Throughout their growth and development, kids require varying amounts of sleep in a 24 hour period. As a general rule of thumb, babies need the most sleep (somewhere around 12 to 16 hours per day, including naps), and from there, daily sleep requirements decrease with age. Teens, as you may have guessed, require the least amount of sleep. In this case, 8 to 10 hours is enough.
Surprisingly though, despite established guidelines, a study conducted by the American Academy of Pediatrics in 2019 found that 52% of school-age children in the United States are not meeting their sleep requirements on weeknights. Even more concerning, that number shoots up to 73% for teenagers.
Time and again studies have also shown that sleep debt affects children both in terms of cognitive functioning and behavioral issues. A lack of sleep in school-aged children can begin with mood swings, irritability, and hyperactivity. Over the long term, it can begin to affect their grades and lead to chronic conditions like obesity and diabetes. In teenagers, long-term sleep debt has even been shown to result in anxiety and depression.
Insufficient sleep carries some weighty consequences, and there’s plenty of cause for concern. To best help your child, it’s important that your first learn to recognize the signs that your kids aren’t getting enough sleep; after that, helping your child with good sleep hygiene (and modeling it yourself) is likely the best way to get things back on course. Ahead, we’ll take a look at 8 ways to help your child get a good night’s sleep.
Lead by example and make sleep a priority
It’s no secret that our kids often do as we do. So, be sure to model healthy behaviors and good sleep hygiene for your kids. If you tend to burn the midnight oil or scroll well past bedtime, your child may learn by example and do the same.
Monitor screen time
Monitoring screen time is important for myriad reasons, but stopping screen time well before bedtime is crucial for your child. For starters, exposure to blue light before bed tricks the body into not producing melatonin — the hormone that regulates the body’s sleep and wake cycle. When this happens, the natural sleep-wake cycle is disrupted, and you can cue a little havoc in your child’s quantity and quality of sleep.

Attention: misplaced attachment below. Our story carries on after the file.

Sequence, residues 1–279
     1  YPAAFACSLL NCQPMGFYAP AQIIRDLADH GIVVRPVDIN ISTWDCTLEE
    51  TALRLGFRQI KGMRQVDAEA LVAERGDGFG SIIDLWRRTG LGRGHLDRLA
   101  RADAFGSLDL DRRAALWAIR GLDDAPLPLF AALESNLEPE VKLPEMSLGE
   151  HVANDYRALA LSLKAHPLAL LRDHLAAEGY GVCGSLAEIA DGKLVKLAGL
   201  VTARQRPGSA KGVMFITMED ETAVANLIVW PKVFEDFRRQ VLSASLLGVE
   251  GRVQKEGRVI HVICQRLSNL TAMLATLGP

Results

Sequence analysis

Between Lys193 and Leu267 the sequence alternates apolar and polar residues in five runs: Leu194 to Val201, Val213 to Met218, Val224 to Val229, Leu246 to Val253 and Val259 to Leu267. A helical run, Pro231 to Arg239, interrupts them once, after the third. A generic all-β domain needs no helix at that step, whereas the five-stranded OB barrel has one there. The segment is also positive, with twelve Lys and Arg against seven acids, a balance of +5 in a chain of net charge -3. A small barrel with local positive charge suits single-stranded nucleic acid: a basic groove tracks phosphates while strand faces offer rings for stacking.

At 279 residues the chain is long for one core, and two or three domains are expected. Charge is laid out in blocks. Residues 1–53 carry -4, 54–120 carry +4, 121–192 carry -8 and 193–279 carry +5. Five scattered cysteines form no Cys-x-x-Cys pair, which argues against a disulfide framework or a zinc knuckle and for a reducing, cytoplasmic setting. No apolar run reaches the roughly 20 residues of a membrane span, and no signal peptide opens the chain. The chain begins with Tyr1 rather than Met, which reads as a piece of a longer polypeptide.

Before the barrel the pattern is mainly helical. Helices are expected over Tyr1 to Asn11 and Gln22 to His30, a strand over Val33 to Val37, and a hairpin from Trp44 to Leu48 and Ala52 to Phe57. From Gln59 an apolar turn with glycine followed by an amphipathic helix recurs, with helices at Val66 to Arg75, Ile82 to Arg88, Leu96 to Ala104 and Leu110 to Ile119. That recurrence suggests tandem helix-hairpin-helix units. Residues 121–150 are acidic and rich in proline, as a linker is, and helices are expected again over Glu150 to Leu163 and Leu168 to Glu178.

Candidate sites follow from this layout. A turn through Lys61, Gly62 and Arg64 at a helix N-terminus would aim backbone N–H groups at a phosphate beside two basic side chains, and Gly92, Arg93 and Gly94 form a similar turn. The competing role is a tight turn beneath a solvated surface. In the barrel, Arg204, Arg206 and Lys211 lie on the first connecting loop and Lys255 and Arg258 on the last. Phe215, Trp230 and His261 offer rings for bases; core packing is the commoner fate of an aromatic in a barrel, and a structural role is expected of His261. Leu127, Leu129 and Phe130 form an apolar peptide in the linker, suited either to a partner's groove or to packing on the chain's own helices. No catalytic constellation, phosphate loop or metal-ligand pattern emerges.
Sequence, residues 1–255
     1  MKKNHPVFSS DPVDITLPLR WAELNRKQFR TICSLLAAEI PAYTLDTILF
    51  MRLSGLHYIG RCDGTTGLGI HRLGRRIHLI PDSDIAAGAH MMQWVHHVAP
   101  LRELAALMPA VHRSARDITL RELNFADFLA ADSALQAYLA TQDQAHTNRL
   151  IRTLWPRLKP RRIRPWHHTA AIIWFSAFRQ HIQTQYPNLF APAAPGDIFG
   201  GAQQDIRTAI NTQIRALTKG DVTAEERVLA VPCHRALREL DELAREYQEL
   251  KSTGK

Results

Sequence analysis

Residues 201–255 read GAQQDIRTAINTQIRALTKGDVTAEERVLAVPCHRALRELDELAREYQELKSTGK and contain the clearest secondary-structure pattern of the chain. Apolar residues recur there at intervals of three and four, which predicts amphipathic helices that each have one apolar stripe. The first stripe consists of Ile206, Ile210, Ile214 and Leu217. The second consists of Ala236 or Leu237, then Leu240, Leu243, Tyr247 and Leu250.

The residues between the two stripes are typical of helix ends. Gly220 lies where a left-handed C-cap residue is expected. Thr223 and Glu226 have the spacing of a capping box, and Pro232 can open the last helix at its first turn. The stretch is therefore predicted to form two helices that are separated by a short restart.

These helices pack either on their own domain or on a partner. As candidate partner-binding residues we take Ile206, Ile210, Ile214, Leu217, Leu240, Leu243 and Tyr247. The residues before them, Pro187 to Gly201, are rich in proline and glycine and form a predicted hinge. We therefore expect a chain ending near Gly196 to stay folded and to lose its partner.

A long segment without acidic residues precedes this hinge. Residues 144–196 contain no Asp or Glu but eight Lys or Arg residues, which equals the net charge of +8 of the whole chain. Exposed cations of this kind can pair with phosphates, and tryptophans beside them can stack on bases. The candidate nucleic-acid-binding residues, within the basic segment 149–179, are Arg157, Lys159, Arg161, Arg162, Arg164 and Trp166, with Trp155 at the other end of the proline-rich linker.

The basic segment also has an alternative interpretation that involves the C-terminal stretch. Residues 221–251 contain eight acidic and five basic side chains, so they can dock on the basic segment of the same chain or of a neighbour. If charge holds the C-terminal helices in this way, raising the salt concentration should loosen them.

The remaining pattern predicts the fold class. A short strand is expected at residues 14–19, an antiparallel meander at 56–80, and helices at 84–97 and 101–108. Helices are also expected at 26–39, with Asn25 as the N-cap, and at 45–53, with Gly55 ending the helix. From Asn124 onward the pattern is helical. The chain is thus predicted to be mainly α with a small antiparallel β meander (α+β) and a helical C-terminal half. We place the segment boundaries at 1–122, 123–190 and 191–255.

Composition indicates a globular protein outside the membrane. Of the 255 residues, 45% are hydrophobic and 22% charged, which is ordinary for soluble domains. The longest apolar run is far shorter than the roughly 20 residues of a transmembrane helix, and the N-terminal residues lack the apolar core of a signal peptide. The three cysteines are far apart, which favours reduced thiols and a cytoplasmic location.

Make sure their day includes plenty of physical activity
A simple fact for all of us is that the more we do during the day, the more tired we are when it’s time to hit the hay. The same goes for your little one. Keep them active, keep them busy, and keep them challenged. When bedtime rolls around, they’ll likely fall asleep as soon as their head hits the pillow.
While it’s important to ensure that your child gets plenty of exercise, it’s equally important that parents don’t fall into the trap of overscheduling their kids. In the last decade or so, it would seem that more is more when it comes to sports and other extracurriculars, but the truth is a full calendar can lead to more trouble than it’s worth. Overscheduling that leaks into the evening hours can present a direct conflict to getting a good night’s sleep. It’s okay to keep your kids busy, but do your best to avoid overscheduling and give them some equally important downtime.
Maintain a consistent bedtime routine
Study after study has shown that consistent bedtime routines promote longer sleep duration and better quality sleep. To ensure that your child gets enough sleep, create a solid bedtime routine early on and stick to it for as long as your child will allow it.
Keep sleep and wake times consistent
Your child’s sleep and wake times should remain fairly consistent (a 1 – 2 hour deviation should not be an issue) each day. Sleeping in on weekends and holidays may disrupt their body clocks to the point where it becomes an issue.
Create a calm environment that supports sleep
Your child’s sleep environment is an important part of promoting quality sleep night after night. Keep toys off the bed, make sure their lovey is within reach, and be sure your child knows that it’s time to sleep when the lights are dim (or off). If you’re looking for ways to create a soothing, peaceful environment for your child at bedtime, Moshi has an extensive library of melodic bedtime stories, lullabies, and calming guided meditations that can help them drift off into a sound sleep.
Don’t use sleep as a disciplinary tool
Parents are cautioned not to use staying up late as a reward or an early bedtime as a punishment. Moreover, your child’s bedroom should only be used for playtime and sleep — never for timeouts.
A good night’s sleep is an important part of your child’s overall health and wellness. Learning to recognize the signs of insufficient sleep is crucial but knowing how to correct the problem is equally important. Remember that good sleep hygiene will keep things running smoothly and consistency is key.